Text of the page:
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Service Visit Confusion, need some feed back

Ducatipilot

Member
May 31, 2018
5
0
Indiana
2013 Model S 75k miles CPO with 18 months left on warranty. Bought her one month or so ago.
Took her to the service center to upgrade to LTE and when i brought her home, the battery doesn't charge to 100%. stops at 96% I was balancing the pack so I ran it down to 1% and timed it so it would be 100% for the morning drive. Anyways now the range has gone from 252 miles at 100% to 240 miles. I called the service center and they said they upgraded my firmware and it has affected how the car calculates the battery percentage and range. At 90% i was getting 247 miles now its 220. That's pretty significant. Oh, and they told me there was an over the air fix coming. sounds like hog wash to me.
any thoughts or similar experiences? Rocklin Service Center in CA.
 

commasign

TeslaAdviceBlog.com
Aug 31, 2013
3,202
4,178
Davis, CA
Try another full charge/discharge (or two). It might go back up a bit. 240 miles is a bit low (but not unheard of) for 75,000 miles. Also check your settings to make sure range mode is on. If it’s off, turning it on will give you a few more miles of rated range.
 

Ande

Member
Jul 28, 2017
740
543
Norway
"I was balancing the pack so I ran it down to 1%"
Correction:
You may have been helping the BMS to calibrate actual capacity,but not "balancing" anything. Balancing is done continuously regardless of SOC.
The bigger the cell difference is, the longer it takes to get to 100% , as actual charging power is limited to the power the balancing circuit can load on the full cell(s).
By running it down all the way, you caused bigger differences between cell groups as the ones of lesser capacity strated to fall steeply.
 

N..8

Member
Dec 20, 2017
204
151
Sanford, NC
2013 Model S 75k miles CPO with 18 months left on warranty. Bought her one month or so ago.
Took her to the service center to upgrade to LTE and when i brought her home, the battery doesn't charge to 100%. stops at 96% I was balancing the pack so I ran it down to 1% and timed it so it would be 100% for the morning drive. Anyways now the range has gone from 252 miles at 100% to 240 miles. I called the service center and they said they upgraded my firmware and it has affected how the car calculates the battery percentage and range. At 90% i was getting 247 miles now its 220. That's pretty significant. Oh, and they told me there was an over the air fix coming. sounds like hog wash to me.
any thoughts or similar experiences? Rocklin Service Center in CA.

Ducati, On a 75 the 90% will be around 220 miles. That's what most of us get on a good day.
 

Ducatipilot

Member
May 31, 2018
5
0
Indiana
thanks for the responses. I dont know the lingo abut the batteries very well so balance was obviously not the correct word. however the service person told me to run it down to as low as i could and charge it to 100 because that was part of good battery maintenance. i called the service center today again and they said it was a glitch in the firmware. I dont understand that.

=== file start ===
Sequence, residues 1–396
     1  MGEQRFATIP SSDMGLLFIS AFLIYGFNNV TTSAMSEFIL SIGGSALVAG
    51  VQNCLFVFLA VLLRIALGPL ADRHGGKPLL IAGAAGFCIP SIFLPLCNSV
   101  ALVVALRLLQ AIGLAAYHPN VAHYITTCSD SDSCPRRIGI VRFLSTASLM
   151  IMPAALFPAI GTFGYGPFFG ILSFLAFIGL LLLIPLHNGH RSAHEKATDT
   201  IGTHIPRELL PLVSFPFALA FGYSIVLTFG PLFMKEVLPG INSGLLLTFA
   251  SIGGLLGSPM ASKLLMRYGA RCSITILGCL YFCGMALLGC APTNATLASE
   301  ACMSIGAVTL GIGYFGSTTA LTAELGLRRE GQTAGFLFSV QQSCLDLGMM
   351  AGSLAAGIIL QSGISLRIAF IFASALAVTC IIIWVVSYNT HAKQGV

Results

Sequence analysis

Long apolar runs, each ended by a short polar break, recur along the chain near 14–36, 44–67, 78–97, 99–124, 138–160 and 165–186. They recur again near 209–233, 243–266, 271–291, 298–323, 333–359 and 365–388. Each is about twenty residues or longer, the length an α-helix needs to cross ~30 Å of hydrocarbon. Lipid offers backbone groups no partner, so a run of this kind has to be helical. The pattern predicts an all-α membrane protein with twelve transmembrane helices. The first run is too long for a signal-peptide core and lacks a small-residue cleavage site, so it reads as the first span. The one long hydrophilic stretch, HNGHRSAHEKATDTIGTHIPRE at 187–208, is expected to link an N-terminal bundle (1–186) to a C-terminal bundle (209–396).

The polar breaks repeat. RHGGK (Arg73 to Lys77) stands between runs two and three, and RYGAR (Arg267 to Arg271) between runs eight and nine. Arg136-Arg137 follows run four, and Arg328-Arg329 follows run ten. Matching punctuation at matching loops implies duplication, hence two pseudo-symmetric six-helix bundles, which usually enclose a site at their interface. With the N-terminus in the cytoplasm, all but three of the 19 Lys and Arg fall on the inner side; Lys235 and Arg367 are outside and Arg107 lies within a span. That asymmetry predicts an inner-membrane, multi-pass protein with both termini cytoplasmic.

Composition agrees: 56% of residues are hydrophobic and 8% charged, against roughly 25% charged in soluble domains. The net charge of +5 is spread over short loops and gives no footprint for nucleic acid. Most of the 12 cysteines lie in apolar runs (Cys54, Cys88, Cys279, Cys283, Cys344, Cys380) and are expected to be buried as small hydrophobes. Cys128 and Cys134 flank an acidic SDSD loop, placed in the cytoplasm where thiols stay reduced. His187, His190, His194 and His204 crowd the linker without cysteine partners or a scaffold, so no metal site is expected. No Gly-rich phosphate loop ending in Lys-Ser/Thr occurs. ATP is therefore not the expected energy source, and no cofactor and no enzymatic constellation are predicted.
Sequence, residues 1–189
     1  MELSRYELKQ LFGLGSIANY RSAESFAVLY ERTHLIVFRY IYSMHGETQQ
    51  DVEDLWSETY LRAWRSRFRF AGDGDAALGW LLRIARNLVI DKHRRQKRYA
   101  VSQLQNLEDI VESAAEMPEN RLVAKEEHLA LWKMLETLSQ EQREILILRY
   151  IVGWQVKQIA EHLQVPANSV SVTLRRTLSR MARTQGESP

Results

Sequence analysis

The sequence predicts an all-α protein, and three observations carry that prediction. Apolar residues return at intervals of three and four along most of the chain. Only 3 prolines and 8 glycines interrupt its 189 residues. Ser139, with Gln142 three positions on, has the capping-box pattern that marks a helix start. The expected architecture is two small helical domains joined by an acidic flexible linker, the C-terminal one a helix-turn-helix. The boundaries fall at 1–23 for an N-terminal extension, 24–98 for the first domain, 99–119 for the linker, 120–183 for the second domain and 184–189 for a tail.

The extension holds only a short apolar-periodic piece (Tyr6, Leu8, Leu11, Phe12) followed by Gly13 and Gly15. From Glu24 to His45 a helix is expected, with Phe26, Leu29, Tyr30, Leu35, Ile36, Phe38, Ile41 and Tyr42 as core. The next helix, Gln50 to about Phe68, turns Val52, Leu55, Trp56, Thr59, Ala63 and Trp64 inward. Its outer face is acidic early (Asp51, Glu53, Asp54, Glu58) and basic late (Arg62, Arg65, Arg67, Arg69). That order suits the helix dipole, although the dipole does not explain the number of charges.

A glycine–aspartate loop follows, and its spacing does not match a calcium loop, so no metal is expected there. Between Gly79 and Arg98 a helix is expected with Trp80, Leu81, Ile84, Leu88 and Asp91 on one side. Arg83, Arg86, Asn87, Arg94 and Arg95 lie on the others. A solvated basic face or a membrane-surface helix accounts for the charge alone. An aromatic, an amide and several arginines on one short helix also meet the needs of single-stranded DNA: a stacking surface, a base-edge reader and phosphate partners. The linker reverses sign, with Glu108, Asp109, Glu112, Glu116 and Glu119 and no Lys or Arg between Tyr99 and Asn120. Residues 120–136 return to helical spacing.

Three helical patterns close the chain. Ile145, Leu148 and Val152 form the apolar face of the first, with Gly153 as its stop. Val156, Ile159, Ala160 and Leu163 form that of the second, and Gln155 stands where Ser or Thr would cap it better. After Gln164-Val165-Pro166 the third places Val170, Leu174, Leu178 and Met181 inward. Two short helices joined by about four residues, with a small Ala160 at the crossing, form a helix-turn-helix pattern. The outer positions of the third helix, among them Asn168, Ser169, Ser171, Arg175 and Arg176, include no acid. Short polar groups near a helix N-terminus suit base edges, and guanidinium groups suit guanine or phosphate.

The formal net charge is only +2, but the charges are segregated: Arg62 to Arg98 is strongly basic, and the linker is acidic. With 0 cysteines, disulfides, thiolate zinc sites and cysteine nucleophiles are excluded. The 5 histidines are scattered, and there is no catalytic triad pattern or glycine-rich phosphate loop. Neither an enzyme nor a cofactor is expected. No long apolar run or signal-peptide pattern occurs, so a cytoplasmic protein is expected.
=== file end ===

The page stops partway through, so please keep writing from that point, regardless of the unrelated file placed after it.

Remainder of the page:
tpham07

Active Member
Mar 21, 2017
1,965
2,201
Rhode Island
Agree. Let the battery management system manage the battery.

I remember a Tesla engineer posting something either here or online saying the BMS automatically balances the pack so these 0-100% charge/discharges everyone keeps recommending isn't necessary and quite redundant. The available power in the battery will always be there, but it may or may not be shown accurately on the battery gauge.
 
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Reactions: SW2Fiddler

Tam

Well-Known Member
Nov 25, 2012
9,153
7,855
Visalia, CA
Battery balancing and similar procedures have been dispelled by Tesla officials multiple times despite of their own workers' practice and advice.

Those procedures make human driver feeling good for recovering additional miles but they are actually hurting the battery:

"Avoiding deep discharges is another best practice for optimum capacity retention. The advice by the Service Center to "let the range drop down to about 20 miles and then charge it to max Daily Range" is misleading. They are correct that it will mitigate the inaccuracy of the capacity algorithm, resulting in a higher displayed range, but it is misleading as the actual amount of stored energy does not change." Jerome Guillen (former VP, W W Sales & Service).

"However, the only accurate way to measure the amount of energy a battery can store is to fully charge the battery, then completely discharge the battery to zero, then measure the amount of energy that was released. While this would give an accurate measurement, it would not be good for the battery."

If you are worried about your battery status, you might want to have a reading of your battery to see which one fails to hold a charge:






The above picture shows the individual voltage of each 96 bricks (16 modules x 6 = 96 bricks =7,104 cells.)

It's shown in minimum, average, and maximum as well as the difference which in this case 7 millivolts.
 

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